On Cormac McCarthy’s Child of God: Purple prose in hindrance of its master

Brilliant for its Appalachian Tennessee vernacular, its compelling country characters, their lives dessicated, limited, dull, as well as for the vivid impressions of a landscape of backwoods, mountains, and caves afflicted by the harsh temperament of weather. And, most of all – for conveying the rapidly deteriorating, twisted impulses of a hypothalamus-ordered mind in the shape of Lewis Ballard, outcast, bitter, serial killer and necrophiliac.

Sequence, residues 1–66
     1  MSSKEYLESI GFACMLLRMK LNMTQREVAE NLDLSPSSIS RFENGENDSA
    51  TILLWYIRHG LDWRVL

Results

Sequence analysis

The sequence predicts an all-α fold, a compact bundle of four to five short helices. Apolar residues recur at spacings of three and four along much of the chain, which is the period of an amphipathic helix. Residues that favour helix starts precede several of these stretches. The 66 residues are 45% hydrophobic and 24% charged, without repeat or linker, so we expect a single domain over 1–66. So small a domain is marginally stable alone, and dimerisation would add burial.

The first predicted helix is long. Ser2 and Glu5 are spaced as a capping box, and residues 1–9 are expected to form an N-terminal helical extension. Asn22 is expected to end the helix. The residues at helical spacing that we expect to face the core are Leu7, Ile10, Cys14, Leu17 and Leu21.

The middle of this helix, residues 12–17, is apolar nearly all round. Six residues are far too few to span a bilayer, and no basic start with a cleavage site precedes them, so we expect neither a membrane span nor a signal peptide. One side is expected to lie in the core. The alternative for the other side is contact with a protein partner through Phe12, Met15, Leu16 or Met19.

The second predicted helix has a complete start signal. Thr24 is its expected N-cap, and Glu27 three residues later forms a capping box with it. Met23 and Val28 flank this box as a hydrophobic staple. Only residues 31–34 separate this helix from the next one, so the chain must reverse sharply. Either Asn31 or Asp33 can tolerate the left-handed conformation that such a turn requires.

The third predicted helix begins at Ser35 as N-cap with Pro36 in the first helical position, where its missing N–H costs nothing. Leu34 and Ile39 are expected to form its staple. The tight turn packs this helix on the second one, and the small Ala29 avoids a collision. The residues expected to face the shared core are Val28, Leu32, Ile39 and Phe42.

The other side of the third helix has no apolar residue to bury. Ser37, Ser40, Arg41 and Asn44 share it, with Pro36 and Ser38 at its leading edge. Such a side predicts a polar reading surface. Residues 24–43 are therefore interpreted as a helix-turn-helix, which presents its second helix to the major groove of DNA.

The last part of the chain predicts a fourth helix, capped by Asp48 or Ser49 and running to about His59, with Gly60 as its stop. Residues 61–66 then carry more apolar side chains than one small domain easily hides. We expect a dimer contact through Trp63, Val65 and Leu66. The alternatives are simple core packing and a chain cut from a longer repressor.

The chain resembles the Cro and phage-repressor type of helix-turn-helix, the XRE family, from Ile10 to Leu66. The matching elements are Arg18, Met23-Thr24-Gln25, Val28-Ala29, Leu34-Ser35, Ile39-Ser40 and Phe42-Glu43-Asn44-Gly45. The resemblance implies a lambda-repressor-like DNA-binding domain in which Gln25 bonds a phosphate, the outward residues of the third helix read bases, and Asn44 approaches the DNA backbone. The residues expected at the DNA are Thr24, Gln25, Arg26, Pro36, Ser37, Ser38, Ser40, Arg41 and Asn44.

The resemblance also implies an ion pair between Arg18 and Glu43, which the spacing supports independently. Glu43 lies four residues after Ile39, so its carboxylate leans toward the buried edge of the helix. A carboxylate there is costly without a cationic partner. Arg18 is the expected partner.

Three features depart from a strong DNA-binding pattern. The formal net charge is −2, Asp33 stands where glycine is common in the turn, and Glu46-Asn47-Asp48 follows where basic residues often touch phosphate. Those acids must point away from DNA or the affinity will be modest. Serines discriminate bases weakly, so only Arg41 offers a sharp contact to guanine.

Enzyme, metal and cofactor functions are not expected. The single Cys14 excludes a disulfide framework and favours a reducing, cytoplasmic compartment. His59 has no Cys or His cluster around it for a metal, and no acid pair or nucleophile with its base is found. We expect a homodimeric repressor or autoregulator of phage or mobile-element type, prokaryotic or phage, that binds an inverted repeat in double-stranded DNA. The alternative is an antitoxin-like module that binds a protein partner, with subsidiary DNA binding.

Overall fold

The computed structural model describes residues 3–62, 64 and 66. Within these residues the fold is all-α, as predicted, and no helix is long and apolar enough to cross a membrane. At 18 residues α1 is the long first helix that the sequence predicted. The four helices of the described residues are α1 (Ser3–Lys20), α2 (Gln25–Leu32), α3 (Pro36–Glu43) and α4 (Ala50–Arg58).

Depressingly, it’s also let down by intermittent, obtrusive break-outs of ugly purple prose so bloated with highfalutin phrases they ruin an entire scene and atmosphere McCarthy has otherwise done wonders to portray. Without those terrible moments, this would be a five-star fiction. With them, it’s a three but still worth reading for what it does achieve as an early work by an important writer.

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